By Mohammed Nosseir
Life has certainly always been full of many colours. Despite the recent attempt being made to use new, non-traditional colours that have never been used before, only two colours – black and white – should define the relationship between a state and its citizens (in other words, whether the rule of law is applied and enforced). Egypt, however, only functions using the colour grey – not because it is a favourite colour, but for a very specific purpose.
Egypt can be easily defined as a nation placed in ‘floppy mode’. This has nothing to do with a lack of adequate skills enabling us to be ‘certain’ and ‘definitive’; it is a method of governing designed to trap citizens with deficiencies, holding them prey until the government eventually decides to either prosecute them or conduct trade-offs. This philosophy gives the government the option to choose between politically pressurising its citizens or over-penalising them. There is definitely no place for the rule of law in such a process.
Ambiguity is the name of the game. Every single political or economic decision that is made, each policy that is adopted, and even the laws that are passed, must have a number of interpretations, perceptions and goals. The purpose is to provide the government with the option (while literally applying the same law) to either deal gently or harshly with its citizens. Meanwhile, the role of the Egyptian media is to justify each and every decision made by the ruler. The ambiguity of Egyptian laws has led to millions of court disputes and widespread conflict among Egyptians, which also serves to keep citizens away from politics by draining their energy in their struggles among one other.
This structure is not only designed to trap citizens and facilitate corruption, which is essential and widespread in Egypt. It is also the result of the lack of timely decision-making skills on the part of those in power and their reluctance to bear the consequences of their decisions. Culturally, Egyptians are uncertain individuals, who prefer to give themselves sufficient room to change their minds. Not only is arriving late to important events a source of pride for them, they generally are also mentally late in making decisions. Regrettably, this inability to be decisive often results in missing valuable opportunities. I am not sure whether the government is affected by this popular cultural trait, or if the government is the one that is influencing society with its indecision.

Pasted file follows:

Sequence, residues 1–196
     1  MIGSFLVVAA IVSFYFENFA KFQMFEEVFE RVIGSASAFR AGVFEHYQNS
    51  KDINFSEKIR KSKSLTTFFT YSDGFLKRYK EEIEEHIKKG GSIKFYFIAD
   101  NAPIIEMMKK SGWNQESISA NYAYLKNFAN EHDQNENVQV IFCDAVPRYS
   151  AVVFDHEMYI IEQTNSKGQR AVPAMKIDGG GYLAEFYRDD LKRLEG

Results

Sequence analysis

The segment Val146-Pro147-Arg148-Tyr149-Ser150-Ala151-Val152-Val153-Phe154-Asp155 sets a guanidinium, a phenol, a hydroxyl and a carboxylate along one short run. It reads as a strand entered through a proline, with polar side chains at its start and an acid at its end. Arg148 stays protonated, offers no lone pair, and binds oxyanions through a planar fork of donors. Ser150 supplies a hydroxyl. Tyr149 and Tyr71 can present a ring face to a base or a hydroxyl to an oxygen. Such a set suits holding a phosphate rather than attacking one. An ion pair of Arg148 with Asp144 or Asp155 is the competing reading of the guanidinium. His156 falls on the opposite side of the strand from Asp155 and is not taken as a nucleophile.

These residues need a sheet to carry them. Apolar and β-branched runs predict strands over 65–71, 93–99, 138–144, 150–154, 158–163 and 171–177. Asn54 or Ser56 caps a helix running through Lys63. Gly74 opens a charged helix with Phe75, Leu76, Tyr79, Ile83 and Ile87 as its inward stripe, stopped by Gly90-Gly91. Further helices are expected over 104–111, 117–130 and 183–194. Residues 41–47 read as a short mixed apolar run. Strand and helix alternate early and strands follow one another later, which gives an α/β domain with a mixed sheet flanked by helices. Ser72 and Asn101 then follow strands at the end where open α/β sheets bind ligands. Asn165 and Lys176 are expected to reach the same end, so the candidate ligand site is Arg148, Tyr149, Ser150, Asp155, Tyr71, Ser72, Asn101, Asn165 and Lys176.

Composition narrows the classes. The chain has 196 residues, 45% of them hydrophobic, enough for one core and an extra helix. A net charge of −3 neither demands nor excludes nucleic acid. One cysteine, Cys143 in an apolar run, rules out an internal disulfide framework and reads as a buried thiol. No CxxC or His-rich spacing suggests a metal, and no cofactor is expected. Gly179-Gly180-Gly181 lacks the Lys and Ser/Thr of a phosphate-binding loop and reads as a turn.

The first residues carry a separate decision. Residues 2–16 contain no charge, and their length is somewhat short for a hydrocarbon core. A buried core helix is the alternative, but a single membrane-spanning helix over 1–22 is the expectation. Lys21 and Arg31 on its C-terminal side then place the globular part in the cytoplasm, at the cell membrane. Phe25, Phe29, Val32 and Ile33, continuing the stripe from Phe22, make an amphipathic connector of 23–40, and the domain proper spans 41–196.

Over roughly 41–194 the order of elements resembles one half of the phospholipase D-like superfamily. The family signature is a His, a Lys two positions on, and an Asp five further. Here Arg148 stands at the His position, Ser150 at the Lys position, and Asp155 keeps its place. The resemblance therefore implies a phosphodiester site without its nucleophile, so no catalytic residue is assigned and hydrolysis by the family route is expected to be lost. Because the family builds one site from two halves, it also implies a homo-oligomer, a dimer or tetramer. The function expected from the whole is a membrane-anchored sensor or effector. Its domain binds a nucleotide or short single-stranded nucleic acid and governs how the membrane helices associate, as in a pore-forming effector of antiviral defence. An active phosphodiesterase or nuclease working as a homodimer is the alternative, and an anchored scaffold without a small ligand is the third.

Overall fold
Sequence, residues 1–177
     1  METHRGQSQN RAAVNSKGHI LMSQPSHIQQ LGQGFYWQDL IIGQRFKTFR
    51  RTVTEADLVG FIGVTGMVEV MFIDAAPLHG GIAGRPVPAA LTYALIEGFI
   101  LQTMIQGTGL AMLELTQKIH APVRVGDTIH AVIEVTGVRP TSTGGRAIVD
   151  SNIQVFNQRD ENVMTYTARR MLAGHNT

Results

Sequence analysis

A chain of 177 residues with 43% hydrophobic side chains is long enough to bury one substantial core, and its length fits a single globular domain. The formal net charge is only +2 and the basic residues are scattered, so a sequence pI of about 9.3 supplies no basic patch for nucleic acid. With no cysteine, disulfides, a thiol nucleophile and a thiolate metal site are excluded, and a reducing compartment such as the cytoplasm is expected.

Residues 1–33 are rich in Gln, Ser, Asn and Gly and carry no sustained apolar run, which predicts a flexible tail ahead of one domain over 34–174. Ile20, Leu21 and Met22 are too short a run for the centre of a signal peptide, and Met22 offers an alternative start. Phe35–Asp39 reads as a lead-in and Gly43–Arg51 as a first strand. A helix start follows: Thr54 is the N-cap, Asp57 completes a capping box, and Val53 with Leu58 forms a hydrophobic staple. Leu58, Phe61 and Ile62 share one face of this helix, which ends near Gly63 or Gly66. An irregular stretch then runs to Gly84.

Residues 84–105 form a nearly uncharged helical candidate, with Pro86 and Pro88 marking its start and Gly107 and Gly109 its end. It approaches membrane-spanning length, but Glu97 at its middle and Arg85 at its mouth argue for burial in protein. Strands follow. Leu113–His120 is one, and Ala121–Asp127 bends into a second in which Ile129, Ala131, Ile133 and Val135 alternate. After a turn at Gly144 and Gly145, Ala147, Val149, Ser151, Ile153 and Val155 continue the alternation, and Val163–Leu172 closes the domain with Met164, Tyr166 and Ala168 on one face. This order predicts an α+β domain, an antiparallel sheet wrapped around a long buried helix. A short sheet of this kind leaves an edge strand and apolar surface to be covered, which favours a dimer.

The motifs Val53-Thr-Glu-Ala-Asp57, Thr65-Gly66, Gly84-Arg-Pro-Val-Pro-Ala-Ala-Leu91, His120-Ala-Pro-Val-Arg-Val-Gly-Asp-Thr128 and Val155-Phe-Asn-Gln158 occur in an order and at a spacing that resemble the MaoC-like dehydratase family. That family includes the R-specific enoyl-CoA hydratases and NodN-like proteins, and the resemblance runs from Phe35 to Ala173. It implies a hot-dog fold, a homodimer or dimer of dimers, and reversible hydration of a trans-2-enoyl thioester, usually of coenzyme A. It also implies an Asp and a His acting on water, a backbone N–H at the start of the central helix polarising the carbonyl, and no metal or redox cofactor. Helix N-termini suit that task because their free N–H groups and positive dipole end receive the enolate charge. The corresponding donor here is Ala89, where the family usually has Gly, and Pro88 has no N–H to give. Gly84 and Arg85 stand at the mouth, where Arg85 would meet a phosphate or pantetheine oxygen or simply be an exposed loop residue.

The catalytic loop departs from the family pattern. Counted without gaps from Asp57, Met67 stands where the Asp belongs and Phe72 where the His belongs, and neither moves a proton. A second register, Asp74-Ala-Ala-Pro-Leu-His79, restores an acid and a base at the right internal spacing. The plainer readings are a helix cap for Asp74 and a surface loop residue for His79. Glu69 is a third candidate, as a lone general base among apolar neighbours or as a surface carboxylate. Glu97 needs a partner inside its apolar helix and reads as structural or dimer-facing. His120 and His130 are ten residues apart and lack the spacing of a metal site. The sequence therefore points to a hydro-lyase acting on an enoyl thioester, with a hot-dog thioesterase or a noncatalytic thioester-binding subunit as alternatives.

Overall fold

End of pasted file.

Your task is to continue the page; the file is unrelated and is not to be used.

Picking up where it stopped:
There is no shade of doubt that every Egyptian has at some point experienced some sort of corruption in his/her dealings with the government. I personally have received all sorts of bribe requests, and have tried many different reactions to these, from turning a deaf ear to the request (which resulted in my demand being completely ignored), to complaining to the director concerned and discovering that corruption is much deeper and more widespread than I had ever imagined, spreading to many senior civil servants, to simply surrendering, paying the required bribe and finishing my business so that we could all return home happily.
A “Happy New Year” greeting in Egypt is very different than anywhere else! It is the gentle slogan used to request a tip after you have paid for and received a service delivered by civil servants or by private sector employees. I have always been hesitant about whether I should ignore the greeting or join forces with this pervasive phenomenon of corruption. Recently, after our two revolutions failed miserably to create any sort of employment opportunities, or bring about a modicum of justice or dignity, I began sympathising more with these people. I have started to reward their greetings with small amounts. I now believe that these few pounds in tips might compensate for what we lacked to deliver through the revolutions.